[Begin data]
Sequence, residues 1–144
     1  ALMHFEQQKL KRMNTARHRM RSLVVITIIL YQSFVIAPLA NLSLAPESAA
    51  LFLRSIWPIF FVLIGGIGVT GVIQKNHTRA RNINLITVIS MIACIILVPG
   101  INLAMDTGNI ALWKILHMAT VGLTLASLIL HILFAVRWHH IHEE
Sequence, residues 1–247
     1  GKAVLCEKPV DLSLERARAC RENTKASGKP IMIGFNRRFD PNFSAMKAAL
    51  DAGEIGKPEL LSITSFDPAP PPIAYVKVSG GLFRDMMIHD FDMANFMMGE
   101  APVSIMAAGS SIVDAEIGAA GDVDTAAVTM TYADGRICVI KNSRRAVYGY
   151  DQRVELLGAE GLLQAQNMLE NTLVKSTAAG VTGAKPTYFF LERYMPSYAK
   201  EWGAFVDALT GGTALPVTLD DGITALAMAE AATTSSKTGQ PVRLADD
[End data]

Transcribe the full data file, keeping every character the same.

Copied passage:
Sequence, residues 1–144
     1  ALMHFEQQKL KRMNTARHRM RSLVVITIIL YQSFVIAPLA NLSLAPESAA
    51  LFLRSIWPIF FVLIGGIGVT GVIQKNHTRA RNINLITVIS MIACIILVPG
   101  INLAMDTGNI ALWKILHMAT VGLTLASLIL HILFAVRWHH IHEE
Sequence, residues 1–247
     1  GKAVLCEKPV DLSLERARAC RENTKASGKP IMIGFNRRFD PNFSAMKAAL
    51  DAGEIGKPEL LSITSFDPAP PPIAYVKVSG GLFRDMMIHD FDMANFMMGE
   101  APVSIMAAGS SIVDAEIGAA GDVDTAAVTM TYADGRICVI KNSRRAVYGY
   151  DQRVELLGAE GLLQAQNMLE NTLVKSTAAG VTGAKPTYFF LERYMPSYAK
   201  EWGAFVDALT GGTALPVTLD DGITALAMAE AATTSSKTGQ PVRLADD